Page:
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<jats:sec><jats:title>Background</jats:title><jats:p>Adjunctive antidepressant therapy is commonly used to treat acute bipolar depression but few studies have examined this strategy.</jats:p></jats:sec><jats:sec><jats:title>Aims</jats:title><jats:p>To examine the efficacy of agomelatine <jats:italic>v.</jats:italic> placebo as adjuncts to lithium or valproate in bipolar depression.</jats:p></jats:sec><jats:sec><jats:title>Method</jats:title><jats:p>Patients who were currently depressed despite taking lithium or valproate for at least 6 weeks were randomised to treatment with agomelatine (<jats:italic>n</jats:italic> = 172) or placebo (<jats:italic>n</jats:italic> = 172) for 8 weeks of acute therapy and 44 weeks of continuation therapy (trial registration: ISRCTN28588282).</jats:p></jats:sec><jats:sec><jats:title>Results</jats:title><jats:p>No significant differences in improvement of depressive symptoms were observed between the two groups either at 8 weeks or 52 weeks on the primary efficacy measure of change in Montgomery–Åsberg Depression Rating Scale scores from baseline to end-point. Adverse events including switches into mania/hypomania were low and similar in both groups.</jats:p></jats:sec><jats:sec><jats:title>Conclusions</jats:title><jats:p>Agomelatine adjunctive therapy was not superior to placebo adjunctive therapy for acute bipolar depression.</jats:p></jats:sec>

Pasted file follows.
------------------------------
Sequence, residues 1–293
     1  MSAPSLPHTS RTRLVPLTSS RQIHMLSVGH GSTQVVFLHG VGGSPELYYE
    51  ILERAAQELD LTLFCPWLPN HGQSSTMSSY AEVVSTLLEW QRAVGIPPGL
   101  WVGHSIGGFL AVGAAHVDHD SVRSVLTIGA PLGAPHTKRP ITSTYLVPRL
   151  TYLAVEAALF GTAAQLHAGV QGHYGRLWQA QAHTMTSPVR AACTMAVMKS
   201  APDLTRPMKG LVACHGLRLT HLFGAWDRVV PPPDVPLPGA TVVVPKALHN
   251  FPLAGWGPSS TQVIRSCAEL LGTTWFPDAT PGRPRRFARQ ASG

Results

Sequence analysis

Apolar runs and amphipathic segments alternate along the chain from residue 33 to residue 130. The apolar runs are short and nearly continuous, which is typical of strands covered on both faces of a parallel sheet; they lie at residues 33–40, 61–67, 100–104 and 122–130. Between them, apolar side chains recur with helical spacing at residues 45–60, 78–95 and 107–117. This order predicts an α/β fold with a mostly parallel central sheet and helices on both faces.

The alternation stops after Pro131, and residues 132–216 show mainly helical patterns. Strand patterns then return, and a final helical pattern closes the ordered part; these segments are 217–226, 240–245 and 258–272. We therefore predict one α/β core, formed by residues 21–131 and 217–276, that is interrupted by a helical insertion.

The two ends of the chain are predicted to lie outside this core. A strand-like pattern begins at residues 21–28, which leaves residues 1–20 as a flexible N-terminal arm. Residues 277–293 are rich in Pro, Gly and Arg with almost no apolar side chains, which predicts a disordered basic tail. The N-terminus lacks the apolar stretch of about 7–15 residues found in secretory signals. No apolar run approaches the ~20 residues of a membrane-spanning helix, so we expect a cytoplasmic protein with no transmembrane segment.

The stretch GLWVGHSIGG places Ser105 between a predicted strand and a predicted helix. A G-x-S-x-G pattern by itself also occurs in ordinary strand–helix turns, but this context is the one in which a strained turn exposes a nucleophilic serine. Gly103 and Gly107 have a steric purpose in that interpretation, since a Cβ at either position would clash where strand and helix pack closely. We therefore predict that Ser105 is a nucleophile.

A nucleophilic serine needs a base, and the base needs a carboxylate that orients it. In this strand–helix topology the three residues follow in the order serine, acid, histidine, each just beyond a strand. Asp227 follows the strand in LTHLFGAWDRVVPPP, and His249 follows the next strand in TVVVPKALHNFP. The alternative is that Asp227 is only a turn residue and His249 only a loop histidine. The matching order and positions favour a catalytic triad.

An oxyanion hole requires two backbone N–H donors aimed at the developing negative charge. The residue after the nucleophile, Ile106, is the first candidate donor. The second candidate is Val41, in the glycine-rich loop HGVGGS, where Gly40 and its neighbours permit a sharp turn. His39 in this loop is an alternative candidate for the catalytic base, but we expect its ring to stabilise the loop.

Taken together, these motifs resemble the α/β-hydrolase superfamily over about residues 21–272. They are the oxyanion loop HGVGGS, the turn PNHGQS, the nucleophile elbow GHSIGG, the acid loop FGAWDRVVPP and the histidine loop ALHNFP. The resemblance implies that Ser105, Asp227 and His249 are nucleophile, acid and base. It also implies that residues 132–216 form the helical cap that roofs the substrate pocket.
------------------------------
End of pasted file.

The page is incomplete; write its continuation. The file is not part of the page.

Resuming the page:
Original publication




Journal article


British Journal of Psychiatry


Royal College of Psychiatrists

Publication Date





78 - 86